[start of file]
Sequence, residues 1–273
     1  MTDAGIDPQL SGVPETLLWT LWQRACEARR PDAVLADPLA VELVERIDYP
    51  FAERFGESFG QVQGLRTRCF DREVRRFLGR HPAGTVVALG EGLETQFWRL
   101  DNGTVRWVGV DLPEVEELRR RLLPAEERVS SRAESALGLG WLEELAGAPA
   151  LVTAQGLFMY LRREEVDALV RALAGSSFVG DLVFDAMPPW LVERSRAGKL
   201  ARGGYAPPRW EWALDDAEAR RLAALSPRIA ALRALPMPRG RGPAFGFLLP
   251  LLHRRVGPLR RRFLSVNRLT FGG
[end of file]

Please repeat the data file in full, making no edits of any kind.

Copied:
Sequence, residues 1–273
     1  MTDAGIDPQL SGVPETLLWT LWQRACEARR PDAVLADPLA VELVERIDYP
    51  FAERFGESFG QVQGLRTRCF DREVRRFLGR HPAGTVVALG EGLETQFWRL
   101  DNGTVRWVGV DLPEVEELRR RLLPAEERVS SRAESALGLG WLEELAGAPA
   151  LVTAQGLFMY LRREEVDALV RALAGSSFVG DLVFDAMPPW LVERSRAGKL
   201  ARGGYAPPRW EWALDDAEAR RLAALSPRIA ALRALPMPRG RGPAFGFLLP
   251  LLHRRVGPLR RRFLSVNRLT FGG